Author: Mike Gooding | Published: 6:05 PM EDT August 18, 2021 | Updated: 6:25 PM EDT August 18, 2021
WASHINGTON — The U.S. military is currently averaging 20 C-17 flights out of Afghanistan every 24 hours.
So far, about 5,000 people have been evacuated.
Additional U.S. troops have arrived and more are on the way, with a total of 6,000 personnel potentially on track to be involved in securing the Kabul airport in coming days.
“There is a lot of work to be done yet,” said Secretary of Defense Lloyd Austin. “And our goal is to be able to increase our capacity every day going forward.”
The Chairman of the Joint Chiefs of Staff, General Mark Milley, said the objective is clear.
“Right now, our mission is to secure that air field, defend that air field and evacuate all those who have been faithful to us,” he said.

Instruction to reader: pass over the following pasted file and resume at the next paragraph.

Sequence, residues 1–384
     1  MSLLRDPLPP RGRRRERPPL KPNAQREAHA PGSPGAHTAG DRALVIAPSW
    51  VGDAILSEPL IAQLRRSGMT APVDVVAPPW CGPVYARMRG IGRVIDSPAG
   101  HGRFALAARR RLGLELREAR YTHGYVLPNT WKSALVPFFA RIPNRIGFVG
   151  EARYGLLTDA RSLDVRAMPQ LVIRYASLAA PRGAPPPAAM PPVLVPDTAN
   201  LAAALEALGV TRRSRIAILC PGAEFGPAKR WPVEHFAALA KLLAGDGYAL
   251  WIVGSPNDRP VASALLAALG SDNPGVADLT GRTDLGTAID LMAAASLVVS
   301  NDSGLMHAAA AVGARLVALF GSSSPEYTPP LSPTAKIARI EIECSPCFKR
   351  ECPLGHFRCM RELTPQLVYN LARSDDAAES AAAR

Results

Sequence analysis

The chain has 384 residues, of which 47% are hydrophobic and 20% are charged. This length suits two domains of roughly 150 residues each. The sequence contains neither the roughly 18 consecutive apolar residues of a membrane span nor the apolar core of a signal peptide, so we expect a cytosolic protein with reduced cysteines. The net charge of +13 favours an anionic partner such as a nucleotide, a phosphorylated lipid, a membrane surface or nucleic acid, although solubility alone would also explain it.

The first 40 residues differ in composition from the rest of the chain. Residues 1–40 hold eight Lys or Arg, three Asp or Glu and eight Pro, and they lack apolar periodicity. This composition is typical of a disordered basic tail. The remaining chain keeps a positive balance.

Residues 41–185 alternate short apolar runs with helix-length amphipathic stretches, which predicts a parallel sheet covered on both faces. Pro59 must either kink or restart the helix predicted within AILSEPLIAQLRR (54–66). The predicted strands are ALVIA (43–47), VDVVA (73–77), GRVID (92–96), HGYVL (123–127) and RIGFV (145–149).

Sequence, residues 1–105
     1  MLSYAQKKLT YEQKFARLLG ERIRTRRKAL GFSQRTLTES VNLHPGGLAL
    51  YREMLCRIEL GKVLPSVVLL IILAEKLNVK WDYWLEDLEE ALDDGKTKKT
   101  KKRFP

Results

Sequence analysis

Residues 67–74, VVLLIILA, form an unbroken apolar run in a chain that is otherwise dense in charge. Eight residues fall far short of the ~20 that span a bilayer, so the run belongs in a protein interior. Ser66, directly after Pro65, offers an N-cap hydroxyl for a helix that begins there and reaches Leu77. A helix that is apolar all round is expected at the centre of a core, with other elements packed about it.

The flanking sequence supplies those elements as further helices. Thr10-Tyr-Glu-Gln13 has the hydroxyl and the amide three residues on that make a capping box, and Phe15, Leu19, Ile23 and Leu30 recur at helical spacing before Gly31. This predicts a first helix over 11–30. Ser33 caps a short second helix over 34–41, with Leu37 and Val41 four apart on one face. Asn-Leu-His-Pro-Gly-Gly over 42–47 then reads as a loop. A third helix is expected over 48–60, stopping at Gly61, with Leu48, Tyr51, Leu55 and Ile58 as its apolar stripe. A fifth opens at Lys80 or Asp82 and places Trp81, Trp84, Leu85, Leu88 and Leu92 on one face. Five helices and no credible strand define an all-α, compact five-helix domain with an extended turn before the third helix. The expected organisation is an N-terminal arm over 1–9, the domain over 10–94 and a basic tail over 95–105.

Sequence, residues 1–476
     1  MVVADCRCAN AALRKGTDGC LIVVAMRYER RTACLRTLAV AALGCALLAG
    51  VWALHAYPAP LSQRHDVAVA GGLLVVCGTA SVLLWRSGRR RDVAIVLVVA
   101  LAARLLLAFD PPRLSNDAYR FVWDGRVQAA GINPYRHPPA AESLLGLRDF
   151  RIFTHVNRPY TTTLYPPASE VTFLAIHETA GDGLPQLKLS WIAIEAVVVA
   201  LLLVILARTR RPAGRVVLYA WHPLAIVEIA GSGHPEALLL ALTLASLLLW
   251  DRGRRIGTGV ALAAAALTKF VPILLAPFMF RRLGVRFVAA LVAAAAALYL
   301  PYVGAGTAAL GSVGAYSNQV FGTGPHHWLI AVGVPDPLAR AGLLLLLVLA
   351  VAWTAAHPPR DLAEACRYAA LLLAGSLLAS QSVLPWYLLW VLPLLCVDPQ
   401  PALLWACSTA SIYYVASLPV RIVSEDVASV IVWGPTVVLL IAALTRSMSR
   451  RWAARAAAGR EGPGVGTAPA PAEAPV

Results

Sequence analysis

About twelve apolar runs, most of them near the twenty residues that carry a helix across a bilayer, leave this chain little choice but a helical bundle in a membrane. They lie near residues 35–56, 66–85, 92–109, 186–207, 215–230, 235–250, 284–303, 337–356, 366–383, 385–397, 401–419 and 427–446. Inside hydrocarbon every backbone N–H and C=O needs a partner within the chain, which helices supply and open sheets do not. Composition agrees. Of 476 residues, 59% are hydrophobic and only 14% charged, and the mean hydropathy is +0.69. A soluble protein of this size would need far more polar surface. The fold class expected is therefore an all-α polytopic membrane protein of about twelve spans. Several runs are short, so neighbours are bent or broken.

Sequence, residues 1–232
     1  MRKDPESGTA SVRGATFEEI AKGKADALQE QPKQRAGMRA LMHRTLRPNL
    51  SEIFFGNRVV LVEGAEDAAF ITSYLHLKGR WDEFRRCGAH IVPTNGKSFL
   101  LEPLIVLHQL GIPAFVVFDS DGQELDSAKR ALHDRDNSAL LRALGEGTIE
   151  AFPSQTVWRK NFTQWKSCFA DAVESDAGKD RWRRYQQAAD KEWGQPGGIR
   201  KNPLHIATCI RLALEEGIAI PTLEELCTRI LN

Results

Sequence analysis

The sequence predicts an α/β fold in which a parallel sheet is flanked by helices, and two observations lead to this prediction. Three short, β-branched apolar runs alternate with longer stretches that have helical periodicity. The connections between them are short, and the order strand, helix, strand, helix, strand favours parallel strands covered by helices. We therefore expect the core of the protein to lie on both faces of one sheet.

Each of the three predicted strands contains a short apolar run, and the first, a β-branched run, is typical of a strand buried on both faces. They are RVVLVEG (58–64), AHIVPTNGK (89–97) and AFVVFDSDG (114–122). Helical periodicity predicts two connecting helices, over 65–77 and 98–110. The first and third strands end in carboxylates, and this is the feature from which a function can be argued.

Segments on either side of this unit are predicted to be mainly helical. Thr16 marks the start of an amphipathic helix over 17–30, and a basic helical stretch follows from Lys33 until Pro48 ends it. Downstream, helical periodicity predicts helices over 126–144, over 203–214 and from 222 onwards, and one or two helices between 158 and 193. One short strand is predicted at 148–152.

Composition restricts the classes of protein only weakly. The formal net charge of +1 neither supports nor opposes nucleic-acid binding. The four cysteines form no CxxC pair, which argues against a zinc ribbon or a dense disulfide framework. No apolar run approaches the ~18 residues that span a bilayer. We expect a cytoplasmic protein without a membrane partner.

And, as for questions about how the United States miscalculated the war’s end, and how quickly the Taliban would take control of the country, Milley refused to weigh in.
“There’ll be many post-mortems on this topic,” he said. “But right now is not that time.”
The nation’s largest veterans organization, the 1.8 million member American Legion, is highly critical of the Biden Administration’s handling of the Afghanistan exit, calling the plan, “a deep disappointment.”
American Legion Legislative Director Lawrence Montreuil said: “The extract and withdrawal is something that in our opinion should’ve began months ago. And unfortunately, it seems like it was just an afterthought. And there’s been too little-too late at this point.”
Montreuil said it is a “moral imperative” for the U.S. to protect Afghan translators and others who helped America during the 20-year war.
“I think at this point, the only thing we can concentrate on is assisting those who assisted us, and making sure those Afghan interpreters are brought to safety,” he said.
The United States government has relocated 2,000 Afghan Special Immigrant Visa applicants and their families to the U.S. so far.
Austin today authorized the use of Fort Bliss in Texas and Fort McCoy in Wisconsin to house the Afghans, in addition to Fort Lee in Virginia, which has been in use for that purpose since July 30.